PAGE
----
The mayors of Albury and Wodonga have been urged to double down on efforts to motivate residents of the two cities to be vaccinated.
Albury councillor Henk van de Ven raised the issue of COVID jab rates during urgent business at last night's meeting in response to the first and second dose rates of the eligible populations in the two cities "being very much on the lower end of the scale".
Cr van de Ven raised the option of another campaign being mounted through the Two Cities, One Community initiative or another body made up of all regional councils to "try and motivate our community".
"In trying to get that normality back we need to be on the front foot to get our own council staff to invest in this program, but we also need to get our communities invested," he said.
"I'm just wondering if you (Kevin Mack) as the mayor and (Wodonga mayor Kevin Poulton) can get together and really hammer our community to get on board."
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Cr van de Ven said it was unacceptable Wagga was comfortably ahead on Albury on double dose rates.
"We can't let Wagga beat us," he said.
Cr Mack defended steps taken to date in convincing people to get vaccinated.
"Short of dragging, kicking and screaming to get people to vaccination hubs it is nigh on impossible for us to do much more," he said.
"I've got the impression we are doing okay."
Enshrining in public health orders mandatory vaccinations for employees "would move the numbers along", according to council chief executive Frank Zaknich.
"Looking at the 80 per cent NSW first dose we're not far behind," he said.
"But every bit helps.
"But that will ramp up when mandatory vaccinations will be introduced through a public health order in the very near future."
Council staff are given time off to get the jab.
Cr van de Ven asked for a show of hands among his council colleagues as to who was double dosed.
The only councillor to say he wasn't was Cr Darren Cameron, who explained the background to his situation.
"I've made every effort to be double vaccinated because it is very important in my job," the union official said.
"But the earliest I can get my second shot is November because they are insisting I wait three months.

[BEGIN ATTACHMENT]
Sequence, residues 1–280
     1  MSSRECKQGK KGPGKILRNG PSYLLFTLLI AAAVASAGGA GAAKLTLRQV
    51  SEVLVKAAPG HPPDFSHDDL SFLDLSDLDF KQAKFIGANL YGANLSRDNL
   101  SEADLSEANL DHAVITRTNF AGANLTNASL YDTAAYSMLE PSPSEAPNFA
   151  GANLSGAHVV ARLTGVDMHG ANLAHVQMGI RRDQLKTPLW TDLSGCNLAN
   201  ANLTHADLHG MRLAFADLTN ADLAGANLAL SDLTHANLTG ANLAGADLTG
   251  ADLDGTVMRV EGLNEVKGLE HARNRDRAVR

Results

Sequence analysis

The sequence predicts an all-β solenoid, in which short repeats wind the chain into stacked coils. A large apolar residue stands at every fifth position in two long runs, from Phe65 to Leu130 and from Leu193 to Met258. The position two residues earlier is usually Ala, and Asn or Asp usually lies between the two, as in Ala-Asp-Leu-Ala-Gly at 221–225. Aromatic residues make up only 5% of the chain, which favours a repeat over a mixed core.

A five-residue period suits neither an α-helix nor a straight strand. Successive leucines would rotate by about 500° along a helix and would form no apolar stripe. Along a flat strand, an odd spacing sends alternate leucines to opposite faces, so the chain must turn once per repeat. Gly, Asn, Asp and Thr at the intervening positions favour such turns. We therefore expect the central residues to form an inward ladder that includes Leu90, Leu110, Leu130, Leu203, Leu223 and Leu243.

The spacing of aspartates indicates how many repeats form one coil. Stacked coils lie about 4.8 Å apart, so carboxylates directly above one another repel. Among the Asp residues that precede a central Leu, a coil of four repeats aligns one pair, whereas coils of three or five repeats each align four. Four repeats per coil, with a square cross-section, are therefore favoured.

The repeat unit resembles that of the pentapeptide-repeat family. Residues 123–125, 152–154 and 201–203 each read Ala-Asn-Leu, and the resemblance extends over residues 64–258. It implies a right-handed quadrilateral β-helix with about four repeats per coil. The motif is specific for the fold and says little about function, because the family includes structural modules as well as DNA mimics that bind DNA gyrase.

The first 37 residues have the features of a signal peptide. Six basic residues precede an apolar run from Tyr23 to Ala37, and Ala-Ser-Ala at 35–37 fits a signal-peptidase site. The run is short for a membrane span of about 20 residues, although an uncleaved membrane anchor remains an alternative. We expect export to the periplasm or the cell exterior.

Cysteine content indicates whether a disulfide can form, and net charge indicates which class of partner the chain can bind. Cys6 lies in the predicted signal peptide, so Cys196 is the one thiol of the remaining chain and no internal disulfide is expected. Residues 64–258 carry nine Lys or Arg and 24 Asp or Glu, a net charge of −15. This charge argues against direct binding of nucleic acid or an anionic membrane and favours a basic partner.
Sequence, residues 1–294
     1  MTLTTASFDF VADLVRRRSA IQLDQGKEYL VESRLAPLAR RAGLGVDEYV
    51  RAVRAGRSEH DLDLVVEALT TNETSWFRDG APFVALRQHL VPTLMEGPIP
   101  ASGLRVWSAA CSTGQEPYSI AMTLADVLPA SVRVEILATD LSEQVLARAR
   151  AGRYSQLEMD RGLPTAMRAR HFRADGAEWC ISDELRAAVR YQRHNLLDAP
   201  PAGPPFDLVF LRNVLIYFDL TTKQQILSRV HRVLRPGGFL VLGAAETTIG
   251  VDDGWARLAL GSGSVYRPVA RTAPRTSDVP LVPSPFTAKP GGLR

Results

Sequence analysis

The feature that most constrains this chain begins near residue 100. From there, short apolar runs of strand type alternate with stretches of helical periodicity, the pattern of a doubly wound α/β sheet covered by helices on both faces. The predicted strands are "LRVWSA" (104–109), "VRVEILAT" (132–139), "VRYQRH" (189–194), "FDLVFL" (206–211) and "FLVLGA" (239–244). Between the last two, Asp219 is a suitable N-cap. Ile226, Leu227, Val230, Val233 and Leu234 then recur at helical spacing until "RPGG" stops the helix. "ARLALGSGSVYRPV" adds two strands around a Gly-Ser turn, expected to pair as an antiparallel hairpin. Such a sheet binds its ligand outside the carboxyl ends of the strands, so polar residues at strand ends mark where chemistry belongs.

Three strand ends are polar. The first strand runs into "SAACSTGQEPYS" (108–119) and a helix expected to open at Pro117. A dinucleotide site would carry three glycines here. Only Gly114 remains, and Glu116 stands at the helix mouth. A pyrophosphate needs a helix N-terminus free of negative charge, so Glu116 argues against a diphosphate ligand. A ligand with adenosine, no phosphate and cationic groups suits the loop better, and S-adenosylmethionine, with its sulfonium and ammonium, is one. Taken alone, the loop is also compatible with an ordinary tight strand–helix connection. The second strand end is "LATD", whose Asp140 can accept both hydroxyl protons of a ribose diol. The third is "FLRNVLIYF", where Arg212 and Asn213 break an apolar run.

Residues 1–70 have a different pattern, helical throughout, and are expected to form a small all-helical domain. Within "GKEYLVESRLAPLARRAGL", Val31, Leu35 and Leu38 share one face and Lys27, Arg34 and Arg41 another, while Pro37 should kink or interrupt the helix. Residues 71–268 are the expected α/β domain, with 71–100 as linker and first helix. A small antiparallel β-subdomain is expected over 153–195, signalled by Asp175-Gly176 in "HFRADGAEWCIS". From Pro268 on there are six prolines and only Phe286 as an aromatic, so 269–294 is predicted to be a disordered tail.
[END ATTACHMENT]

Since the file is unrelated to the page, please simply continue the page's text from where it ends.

"The provision of vaccines in rural areas like Albury has been very slow.
"When we've got a Prime Minister who openly said it isn't a race it is pretty obvious where the fault lies for this debacle."
Cr Mack said Albury-Wodonga's higher rate of younger people in the overall population meant there had been a slower vaccination take up overall due to insufficient Pfizer doses.
"It has been going to Melbourne and Sydney so there is a lower number here," he said.
"While there has been some it hasn't been available as much as it could be.
"It is probably a lot to do with why our figures are probably lagging."
Wagga has 55 per cent of its eligible population doubled dosed and despite recent urgings from mayor Heather Wilton, Greater Hume is still languishing on 46.5 per cent.
Edward River (42.2 per cent) trails Greater Hume on the day the NSW government released its roadmap out of restrictions with major freedoms coming for the fully vaccinated.
In North-East Victoria, Benalla is a clear leader with 61.2 per cent of eligible population fully vaccinated.
Wangaratta's double dose rate was up 4.2 per cent on the previous seven days to 56 per cent and Wodonga still sits bottom in the North-East region with 52.2 per cent.
Just 402 vaccinations were administered at the Wodonga hub last Friday, a public holiday.
The Victorian government has confirmed it will conduct trials at businesses and events in six regional council areas with high vaccination rates.
There are none from the North-East selected.
Those chosen were Bass Coast, Bendigo, Pyrenees, Warrnambool, Buloke and East Gippsland.
Bendigo has 56.1 per cent and Warrnambool has 59.8 per cent of its eligible population double dosed.
East Gippsland has 60 per cent of its population with two jabs compared to neighbouring Alpine and Towong shire 58.7 and 57.9 respectively.
The trials are scheduled to start on October 11 and cover hospitality, hairdressing, beauty services and tourism businesses.
Events could include race meetings, community celebrations and concerts and all trial attendees must be double dosed.
They are being held ahead of the state hitting the 70 per cent double dose threshold in late October.
Meanwhile, Berrigan still leads a recently launched cross-border council race to be the first to 80 per cent fully vaccinated.
Berrigan, which has 60.8 of its eligible population vaccinated, leads its closest rival Indigo on 57.7 per cent.
In third place is Federation on 56.9 per cent with Moira sitting last on 53.9 per cent.
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